Nun's on the Run - Black Narcissus and Red Lips

Black Narcissus (1947) Michael Powell & Emeric Pressburger

I thought it worth mentioning that Black Narcissus is one of those truly fascinating classic films that I doubt any of you will ever get around to watching... which is a shame. I completely understand why – there are nuns on the original cover (although in an effort to trick you, you might have noticed that the recent Criterion DVD and Blu-Ray re-release sport substantially nun-reduced box art). Once you pop it in however, there are nuns in nearly every frame of the film and, perhaps more interestingly, all of the subplots that don't involve them are a little dull, overly stagey and almost take away from the power of the film.

Nun too safe
The story is straightforward enough. Deborah Kerr (nun) leads a group of other British nuns whose isolated Himalayan outpost inflames their imaginations in ways not at all in keeping with vows of chastity. This is a smartly-written, outrageously sensual psychology lesson and was, like most films directed by the great British director Michael Powell, at least 20 years ahead of its time. It's also one of the darkest, most “noirish” human dramas I can think of. There are times toward the end when it almost borders on horror. Among other things, this is a film about sexual repression, colonialism, jealousy and the lack of understanding between cultures.... fairly heady stuff for a movie from the forties.

Creepy Nun
Which isn't to say that Black Narcissus doesn't have its fair share of flaws. There are some cringe-inducing subplots that simply haven't dated well and the acting - including Kerr's - is a little suspect now and again. Much of the nuns-have-urges-too shock and controversy that accompanied the original release of the film seem almost quaint now, but the retrained sensuality of the picture is still there.

But that's not why I'd recommend you watch it. The pure pleasure associated with this film stems from the astonishing cinematography by Jack Cardiff. There's been nothing like it before or since and it remains jaw-dropping 50-plus years later. The depth, dimension and detail of the camerawork blows away anything in the digital era. From a visual perceptive, this is the reference film to end all reference films.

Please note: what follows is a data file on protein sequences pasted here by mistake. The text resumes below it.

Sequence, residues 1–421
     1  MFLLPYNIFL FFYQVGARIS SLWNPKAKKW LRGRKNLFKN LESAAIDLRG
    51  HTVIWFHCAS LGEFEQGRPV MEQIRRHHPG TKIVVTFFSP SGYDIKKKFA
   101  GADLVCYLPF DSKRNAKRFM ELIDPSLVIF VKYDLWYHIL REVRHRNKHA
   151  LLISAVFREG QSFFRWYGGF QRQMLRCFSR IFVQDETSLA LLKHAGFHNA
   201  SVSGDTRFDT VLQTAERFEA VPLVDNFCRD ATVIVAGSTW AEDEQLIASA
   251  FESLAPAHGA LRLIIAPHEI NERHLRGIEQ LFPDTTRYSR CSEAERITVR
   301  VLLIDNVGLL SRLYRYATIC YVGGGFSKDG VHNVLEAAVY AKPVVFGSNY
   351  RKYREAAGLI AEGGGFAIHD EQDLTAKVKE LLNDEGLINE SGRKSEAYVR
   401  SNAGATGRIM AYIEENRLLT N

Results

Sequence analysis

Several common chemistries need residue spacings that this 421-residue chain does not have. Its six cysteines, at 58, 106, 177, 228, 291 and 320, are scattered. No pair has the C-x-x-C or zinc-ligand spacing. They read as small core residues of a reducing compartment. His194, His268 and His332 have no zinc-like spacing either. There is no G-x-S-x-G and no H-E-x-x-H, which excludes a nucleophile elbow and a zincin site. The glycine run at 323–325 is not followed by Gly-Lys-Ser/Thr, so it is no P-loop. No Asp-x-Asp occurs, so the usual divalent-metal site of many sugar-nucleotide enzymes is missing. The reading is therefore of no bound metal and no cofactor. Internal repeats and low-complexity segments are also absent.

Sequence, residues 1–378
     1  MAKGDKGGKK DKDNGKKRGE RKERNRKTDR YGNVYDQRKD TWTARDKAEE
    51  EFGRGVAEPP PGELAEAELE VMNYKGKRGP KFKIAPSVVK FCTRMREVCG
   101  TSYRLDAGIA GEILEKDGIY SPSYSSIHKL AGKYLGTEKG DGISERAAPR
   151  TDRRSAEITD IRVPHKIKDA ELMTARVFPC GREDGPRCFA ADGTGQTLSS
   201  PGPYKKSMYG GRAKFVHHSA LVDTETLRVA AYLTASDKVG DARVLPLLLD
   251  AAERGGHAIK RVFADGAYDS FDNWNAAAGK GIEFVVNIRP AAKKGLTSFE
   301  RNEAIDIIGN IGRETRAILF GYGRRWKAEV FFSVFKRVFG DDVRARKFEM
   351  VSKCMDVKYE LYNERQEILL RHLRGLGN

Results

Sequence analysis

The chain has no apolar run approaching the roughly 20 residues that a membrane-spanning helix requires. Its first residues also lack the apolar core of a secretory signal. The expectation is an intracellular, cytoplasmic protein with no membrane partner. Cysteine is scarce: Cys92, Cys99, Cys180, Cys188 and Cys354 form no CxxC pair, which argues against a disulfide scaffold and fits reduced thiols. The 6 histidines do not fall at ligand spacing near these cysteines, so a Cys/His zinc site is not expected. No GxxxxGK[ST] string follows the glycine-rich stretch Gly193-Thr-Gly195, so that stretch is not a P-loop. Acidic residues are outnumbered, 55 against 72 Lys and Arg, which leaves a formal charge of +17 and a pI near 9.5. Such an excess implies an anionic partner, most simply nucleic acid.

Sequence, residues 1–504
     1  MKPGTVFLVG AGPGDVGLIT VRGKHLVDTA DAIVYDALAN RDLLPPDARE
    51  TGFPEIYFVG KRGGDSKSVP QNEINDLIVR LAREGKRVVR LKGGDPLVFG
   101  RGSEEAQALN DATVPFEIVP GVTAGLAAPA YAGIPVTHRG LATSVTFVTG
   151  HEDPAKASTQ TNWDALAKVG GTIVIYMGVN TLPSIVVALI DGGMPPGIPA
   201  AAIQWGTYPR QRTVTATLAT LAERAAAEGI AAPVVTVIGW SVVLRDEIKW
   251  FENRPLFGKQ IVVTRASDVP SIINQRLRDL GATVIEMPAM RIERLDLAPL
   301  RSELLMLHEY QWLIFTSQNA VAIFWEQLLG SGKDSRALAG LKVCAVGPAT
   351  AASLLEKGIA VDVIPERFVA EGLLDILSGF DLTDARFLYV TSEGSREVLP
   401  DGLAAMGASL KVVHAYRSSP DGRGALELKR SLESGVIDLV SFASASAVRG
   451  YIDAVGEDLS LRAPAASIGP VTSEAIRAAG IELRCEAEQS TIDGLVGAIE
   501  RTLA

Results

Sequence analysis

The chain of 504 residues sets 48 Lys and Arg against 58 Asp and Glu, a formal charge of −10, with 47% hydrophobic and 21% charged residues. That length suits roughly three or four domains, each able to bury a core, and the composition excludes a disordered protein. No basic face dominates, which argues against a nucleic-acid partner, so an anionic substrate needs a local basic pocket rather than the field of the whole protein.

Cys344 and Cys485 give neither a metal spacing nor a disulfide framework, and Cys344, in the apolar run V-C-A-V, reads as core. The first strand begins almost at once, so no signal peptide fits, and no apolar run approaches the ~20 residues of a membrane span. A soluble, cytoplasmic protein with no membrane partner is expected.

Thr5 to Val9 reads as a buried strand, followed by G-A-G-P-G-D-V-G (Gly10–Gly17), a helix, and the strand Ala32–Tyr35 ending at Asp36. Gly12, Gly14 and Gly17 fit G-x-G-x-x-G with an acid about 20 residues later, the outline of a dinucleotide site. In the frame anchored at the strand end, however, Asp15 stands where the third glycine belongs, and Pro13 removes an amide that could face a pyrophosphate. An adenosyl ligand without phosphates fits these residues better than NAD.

Nun's come undone

The new Criterion releases (both the DVD and the Blu-Ray) simply dazzle the senses in spite of a story that might seem a little dated. Highly recommended, even if you just skip to the visual highlights, just like you would with any nun-porn.

Oh.... and Sabu's in it too.



the coelacanth said...

i first saw this several years ago and while struck by the iconic imagery, i really didn't pick up on a lot of subtleties in the film. looks like i'll be revisiting the recent criterion reissue soon. although watching it on blu-ray seems ideal... hmmmm, my movie night pick is two weeks away...

La Sporgenza said...

I'm not sure it's a film with too many subtleties anyways, so you may not have missed much. It was more the cinematography I was trying to key on. Good on you for having seen it - most haven't.

btw - It's probably safer to have our blogversation in here - away from prying eyes and ears. Highly unlikely Kadas or McComb will venture inside a classic film review so we're probably safe.

So... whatcha doin?

the coelacanth said...

yeah, it was a half-joke when i said that about the subtleties. even though i was mid-20s at the time, i got that that wasn't really the intention of the film. have seen a few p&p films, though still need to watch a canterbury tale, one of my dad's (and jen reed's) favourite films. got turned onto powell as a teen renting from dundas' video buff (no joke), where i tracked down the elusive and shrouded in mystique peeping tom. haven't looked back since. kris and i are currently eating falafels.